The relationship between Earth’s complement of free oxygen and life seems to have begun in the Archaean, but it presented a series of paradoxes: produced by photosynthetic organisms oxygen would have been toxic to most other Archaean life forms; its presence drew an important micronutrient, dissolved iron-2, from sea water by precipitation of iron-3 oxides; though produced in seawater there is no evidence until about 2.4 Ga for its presence in the air. It has long been thought that the paradoxes may have been resolved by oxygen being produced in isolated patches, or ‘oases’ on the Archaean sea floor, where early blue-green bacteria evolved and thrived.
A stratigraphic clue to the former presence of such oxygen factories is itself quite convoluted. The precipitation of calcium carbonates and therefore the presence of limestones in sedimentary sequences are suppressed by dissolved iron-2: the presence of Fe2+ ions would favour the removal of bicarbonate ions from seawater by formation of ferrous carbonate that is less soluble than calcium carbonate. Canadian and US geochemists studied one of the thickest Archaean limestone sequences, dated at around 2.8 Ga, in the wonderfully named Wabigoon Subprovince of the Canadian Shield which is full of stromatolites, bulbous laminated masses probably formed from bacterial biofilms in shallow water (Riding, R. et al. 2014. Identification of an Archean marine oxygen oasis. Precambrian Research, v. 251, p. 232-237).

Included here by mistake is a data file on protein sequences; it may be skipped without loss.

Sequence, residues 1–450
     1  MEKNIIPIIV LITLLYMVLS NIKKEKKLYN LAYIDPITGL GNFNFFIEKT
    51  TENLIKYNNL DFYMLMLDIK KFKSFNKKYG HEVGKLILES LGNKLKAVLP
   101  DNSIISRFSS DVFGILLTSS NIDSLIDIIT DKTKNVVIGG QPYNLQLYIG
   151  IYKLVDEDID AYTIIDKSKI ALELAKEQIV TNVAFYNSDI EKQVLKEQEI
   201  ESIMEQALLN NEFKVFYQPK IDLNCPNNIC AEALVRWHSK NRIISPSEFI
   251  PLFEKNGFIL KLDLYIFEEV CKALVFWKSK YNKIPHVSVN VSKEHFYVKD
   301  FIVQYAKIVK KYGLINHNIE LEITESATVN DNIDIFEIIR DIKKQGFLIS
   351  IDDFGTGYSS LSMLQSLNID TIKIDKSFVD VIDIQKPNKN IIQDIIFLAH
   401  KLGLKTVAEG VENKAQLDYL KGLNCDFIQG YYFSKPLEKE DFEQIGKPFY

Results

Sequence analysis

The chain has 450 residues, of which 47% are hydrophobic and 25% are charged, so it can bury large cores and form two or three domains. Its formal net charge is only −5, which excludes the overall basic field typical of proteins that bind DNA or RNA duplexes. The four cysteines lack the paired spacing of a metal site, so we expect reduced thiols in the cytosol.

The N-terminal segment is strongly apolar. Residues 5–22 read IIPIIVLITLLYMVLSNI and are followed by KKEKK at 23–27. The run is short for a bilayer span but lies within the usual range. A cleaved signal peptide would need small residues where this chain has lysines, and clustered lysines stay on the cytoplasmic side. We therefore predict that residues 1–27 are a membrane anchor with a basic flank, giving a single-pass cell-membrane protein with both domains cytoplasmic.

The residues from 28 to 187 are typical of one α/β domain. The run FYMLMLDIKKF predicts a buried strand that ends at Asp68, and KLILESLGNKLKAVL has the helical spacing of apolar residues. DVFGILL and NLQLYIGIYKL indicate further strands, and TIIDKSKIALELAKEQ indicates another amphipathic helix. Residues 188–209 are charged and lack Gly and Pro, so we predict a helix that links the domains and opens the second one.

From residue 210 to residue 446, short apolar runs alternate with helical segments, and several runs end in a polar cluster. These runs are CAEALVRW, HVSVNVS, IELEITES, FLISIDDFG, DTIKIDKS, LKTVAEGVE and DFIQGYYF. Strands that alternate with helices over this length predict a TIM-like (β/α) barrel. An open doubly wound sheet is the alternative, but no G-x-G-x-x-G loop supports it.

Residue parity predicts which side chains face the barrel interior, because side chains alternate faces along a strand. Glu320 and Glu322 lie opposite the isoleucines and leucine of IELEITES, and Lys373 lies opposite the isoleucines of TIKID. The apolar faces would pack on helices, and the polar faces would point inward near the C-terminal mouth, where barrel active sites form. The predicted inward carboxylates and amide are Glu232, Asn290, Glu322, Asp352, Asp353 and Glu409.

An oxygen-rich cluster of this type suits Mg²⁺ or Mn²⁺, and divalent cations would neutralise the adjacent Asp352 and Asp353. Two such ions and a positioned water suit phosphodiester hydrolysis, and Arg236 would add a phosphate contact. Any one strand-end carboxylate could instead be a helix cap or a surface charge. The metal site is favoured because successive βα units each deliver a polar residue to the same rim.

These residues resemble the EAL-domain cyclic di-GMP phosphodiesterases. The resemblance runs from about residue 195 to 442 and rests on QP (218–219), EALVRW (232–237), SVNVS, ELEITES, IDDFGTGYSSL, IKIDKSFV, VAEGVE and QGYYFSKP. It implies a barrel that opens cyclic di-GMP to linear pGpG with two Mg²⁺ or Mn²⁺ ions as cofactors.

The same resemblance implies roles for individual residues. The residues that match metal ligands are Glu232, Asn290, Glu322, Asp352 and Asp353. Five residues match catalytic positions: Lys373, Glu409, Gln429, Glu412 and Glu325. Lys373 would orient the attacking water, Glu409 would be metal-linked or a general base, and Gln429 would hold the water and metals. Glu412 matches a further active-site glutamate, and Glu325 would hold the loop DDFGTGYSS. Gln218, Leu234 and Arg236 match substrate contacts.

Limestones from the sequence that stable isotope analyses show to remain unaltered all have abnormally low cerium concentrations relative to the other rare-earth elements. Unaltered limestones from stromatolite-free, deep water limestones show no such negative Ce anomaly. Cerium is the only rare-earth element that has a possible 4+ valence state as well one with lower positive charge. So in the presence of oxygen cerium can form an insoluble oxide and thus be removed from solution. So cerium independently shows that the shallow water limestones formed in seawater that contained free oxygen. Nor was it an ephemeral condition, for the anomalies persist through half a kilometer of limestone.
The study shows that anomalous oxygenated patches existed on the Archaean sea floor, probably shallow-water basins or shelves isolated by the build up of stromatolite reef barriers. For most prokaryote cells they would have harboured toxic conditions, presenting them with severe chemical stress. Possibly these were the first places where oxygen defence measures evolved, that eventually led to more complex eukaryote cells that not only survive oxygen stress but thrive on its presence. That conjecture is unlikely to be fully proved, since the first undoubted fossils of eukaryote cells, known as acritarchs, occur in rocks that are more than 800 Ma years younger.